( Questions from TANYAP71's blog: www.sparkpeople.com/mypa
5. What is your weight history like? How old where you when you first 'went on a diet'? Have you lost and regained? How is this time different from others?
I don't recall ever having much concern about weight growing up - especially not in the earlier years (until about 12). We were all very active children, climbing trees, riding big wheels and bikes, piling leaves and leaping into them at the park, walking to school, playing a tag variant at recess. I remember being active more than I remember being still.
One memory I also have is of my mother's brother and a couple of her older kids coming to visit and all of us running around the block. No reason. Just an abundance of energy to burn off.
There's a picture of me around 12 or 13 when my father married my step mother - just before I hit puberty. I actually look scrawny. At a guess, I'd just gone through a growth spurt and gained an inch or two, but had no girly curves yet. Then poof, seemingly overnight, I was being teased at school. I'd had another growth spurt as it were, going from flat-chested to filling a C cup.
I think that and seeing the difference in the size of my bones compared to classmates was what taught me that I was literally "big-boned" and not just saying that to excuse away gaining weight. (Bangles / bracelets that easily slipped on and off other girls' hands and wrists sometimes couldn't get past my thumb or were too snug at the wrist bone.)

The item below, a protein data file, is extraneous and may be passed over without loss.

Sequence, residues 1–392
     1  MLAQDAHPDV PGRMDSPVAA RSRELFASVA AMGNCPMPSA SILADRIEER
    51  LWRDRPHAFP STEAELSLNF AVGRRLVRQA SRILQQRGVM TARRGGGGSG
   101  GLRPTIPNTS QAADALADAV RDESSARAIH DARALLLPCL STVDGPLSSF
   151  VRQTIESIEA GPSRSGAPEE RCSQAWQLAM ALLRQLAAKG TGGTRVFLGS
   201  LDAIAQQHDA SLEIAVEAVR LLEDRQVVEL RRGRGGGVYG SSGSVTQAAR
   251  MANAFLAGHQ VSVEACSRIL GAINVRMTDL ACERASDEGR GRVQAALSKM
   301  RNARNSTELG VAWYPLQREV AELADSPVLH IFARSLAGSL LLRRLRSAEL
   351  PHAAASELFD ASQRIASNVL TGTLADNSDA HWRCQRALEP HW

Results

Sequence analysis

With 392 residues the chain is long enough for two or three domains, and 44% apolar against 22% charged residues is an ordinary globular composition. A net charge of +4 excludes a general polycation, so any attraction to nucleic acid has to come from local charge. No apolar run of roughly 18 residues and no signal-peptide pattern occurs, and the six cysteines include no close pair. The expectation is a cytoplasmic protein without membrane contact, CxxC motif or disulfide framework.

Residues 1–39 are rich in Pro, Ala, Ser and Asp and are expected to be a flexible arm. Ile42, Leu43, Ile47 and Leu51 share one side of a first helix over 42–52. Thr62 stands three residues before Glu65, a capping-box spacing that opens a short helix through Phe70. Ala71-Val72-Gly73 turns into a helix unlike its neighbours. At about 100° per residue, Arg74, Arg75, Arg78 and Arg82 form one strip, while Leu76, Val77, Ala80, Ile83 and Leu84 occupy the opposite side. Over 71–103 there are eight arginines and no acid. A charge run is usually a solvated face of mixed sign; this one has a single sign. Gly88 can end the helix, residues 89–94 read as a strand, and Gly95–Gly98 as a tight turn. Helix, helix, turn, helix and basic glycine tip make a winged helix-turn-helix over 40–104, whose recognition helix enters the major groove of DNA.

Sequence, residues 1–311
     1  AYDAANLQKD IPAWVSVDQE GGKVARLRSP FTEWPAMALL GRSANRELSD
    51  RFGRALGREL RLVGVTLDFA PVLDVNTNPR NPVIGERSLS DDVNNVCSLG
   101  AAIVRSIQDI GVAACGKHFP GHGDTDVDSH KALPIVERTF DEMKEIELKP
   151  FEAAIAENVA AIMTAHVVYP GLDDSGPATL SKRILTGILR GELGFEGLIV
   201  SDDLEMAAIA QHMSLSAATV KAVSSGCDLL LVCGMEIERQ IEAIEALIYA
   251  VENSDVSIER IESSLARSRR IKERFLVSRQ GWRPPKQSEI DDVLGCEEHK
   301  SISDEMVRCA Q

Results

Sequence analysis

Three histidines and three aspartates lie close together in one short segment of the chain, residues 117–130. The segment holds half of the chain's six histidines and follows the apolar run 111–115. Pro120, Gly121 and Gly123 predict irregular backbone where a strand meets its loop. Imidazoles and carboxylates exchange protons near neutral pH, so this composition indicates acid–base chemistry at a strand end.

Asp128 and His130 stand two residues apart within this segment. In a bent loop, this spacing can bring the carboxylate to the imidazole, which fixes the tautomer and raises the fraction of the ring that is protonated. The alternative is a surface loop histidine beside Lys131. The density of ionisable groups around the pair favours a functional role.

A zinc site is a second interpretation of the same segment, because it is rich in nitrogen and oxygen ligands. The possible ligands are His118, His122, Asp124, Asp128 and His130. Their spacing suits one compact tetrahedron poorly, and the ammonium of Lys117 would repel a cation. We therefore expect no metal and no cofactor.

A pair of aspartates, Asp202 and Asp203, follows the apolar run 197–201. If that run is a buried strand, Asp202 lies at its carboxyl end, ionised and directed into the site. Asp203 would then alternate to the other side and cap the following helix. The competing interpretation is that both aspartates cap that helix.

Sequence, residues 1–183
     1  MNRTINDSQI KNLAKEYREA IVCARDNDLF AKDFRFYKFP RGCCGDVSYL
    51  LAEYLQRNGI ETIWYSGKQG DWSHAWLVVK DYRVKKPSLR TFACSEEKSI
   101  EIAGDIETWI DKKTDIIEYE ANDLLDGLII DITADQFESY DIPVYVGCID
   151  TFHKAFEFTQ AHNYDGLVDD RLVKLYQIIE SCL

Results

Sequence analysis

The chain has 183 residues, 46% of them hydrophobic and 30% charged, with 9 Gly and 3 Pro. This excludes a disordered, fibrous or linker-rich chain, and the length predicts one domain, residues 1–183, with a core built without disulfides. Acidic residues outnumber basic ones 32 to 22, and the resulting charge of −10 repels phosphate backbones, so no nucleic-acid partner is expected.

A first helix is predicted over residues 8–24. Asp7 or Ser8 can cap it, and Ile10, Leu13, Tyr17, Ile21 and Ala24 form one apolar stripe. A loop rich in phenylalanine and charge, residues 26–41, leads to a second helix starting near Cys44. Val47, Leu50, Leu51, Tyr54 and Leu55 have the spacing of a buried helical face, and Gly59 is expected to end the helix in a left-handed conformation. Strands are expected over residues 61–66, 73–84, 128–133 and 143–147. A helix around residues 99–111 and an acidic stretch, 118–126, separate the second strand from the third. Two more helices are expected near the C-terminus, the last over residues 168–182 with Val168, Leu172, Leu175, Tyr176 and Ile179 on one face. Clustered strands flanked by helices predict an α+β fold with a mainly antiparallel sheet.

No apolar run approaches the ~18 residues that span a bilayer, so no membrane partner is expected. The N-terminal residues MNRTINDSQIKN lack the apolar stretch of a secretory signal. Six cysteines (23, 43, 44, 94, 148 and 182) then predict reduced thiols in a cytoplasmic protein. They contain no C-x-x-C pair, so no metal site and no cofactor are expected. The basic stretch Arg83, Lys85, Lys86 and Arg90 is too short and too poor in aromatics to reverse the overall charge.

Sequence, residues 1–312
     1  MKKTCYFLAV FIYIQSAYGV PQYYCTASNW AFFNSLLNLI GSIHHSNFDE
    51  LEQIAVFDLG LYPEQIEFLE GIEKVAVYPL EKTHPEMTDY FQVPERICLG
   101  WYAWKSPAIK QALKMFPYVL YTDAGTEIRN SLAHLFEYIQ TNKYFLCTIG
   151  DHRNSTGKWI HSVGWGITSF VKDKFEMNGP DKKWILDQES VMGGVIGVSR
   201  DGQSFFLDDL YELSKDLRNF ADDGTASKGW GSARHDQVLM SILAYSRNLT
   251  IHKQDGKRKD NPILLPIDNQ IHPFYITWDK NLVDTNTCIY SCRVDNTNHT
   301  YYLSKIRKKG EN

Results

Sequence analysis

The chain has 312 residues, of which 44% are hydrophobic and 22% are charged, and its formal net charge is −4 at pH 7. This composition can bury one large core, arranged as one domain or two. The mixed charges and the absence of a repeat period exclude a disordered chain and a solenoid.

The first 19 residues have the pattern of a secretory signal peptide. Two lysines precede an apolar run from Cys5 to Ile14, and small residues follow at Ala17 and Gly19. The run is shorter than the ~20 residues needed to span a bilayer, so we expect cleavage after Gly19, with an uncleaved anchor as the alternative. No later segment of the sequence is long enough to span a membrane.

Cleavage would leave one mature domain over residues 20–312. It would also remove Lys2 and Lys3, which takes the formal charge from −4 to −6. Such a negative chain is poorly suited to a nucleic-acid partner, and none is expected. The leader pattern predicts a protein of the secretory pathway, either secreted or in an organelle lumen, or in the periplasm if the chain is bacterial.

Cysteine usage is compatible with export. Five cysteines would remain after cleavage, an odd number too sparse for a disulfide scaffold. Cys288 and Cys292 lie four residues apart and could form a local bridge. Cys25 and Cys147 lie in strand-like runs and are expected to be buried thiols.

I also got lucky and somehow the beauty magazine I was most exposed to was Glamour, which had long had a leaning toward more diversity in their models. So I avoided the worst of the body esteem issues in that regard.
I started putting on some extra pounds after I moved out on my own. One of the biggest changes was what I was eating. Most of my meals came from fast food joints, and that meant sodas with them. I also walked a LOT, so it didn't pile on too fast - just a bit here and there.
My early response to it was actually things like control top panty hose, girdles, and the like. I'd eat a few less treats through the week if my clothes got too uncomfortably snug. I never thought about it as dieting and really didn't think about the connections between food, activity, and weight.
Then I got pregnant. Weight gain was normal, but sort of meaningless because it was part of carrying a baby to term and not directly tied to my food / activity level. I do remember my surprise at my high - 198 or 199 pounds - because I was able to say to my mother that I'd never weigh 200 pounds or more, not even pregnant. (Little did I know.) When DDb was born, she was 8 lb 15 oz, and I was immediately dropping weight from walking and eating my mother's cooking rather than fast food. So again it never really entered my mind to diet.
I soon was married and pregnant twice more, having marital trouble, and finally separated then divorced. My weight was really mostly a background concern when I'd have to buy clothes. I hated things like company Christmas parties or my EX's family barbecues because I felt the clothes I got made me look matronly. I contented myself with the fact they weren't from "fat people stores".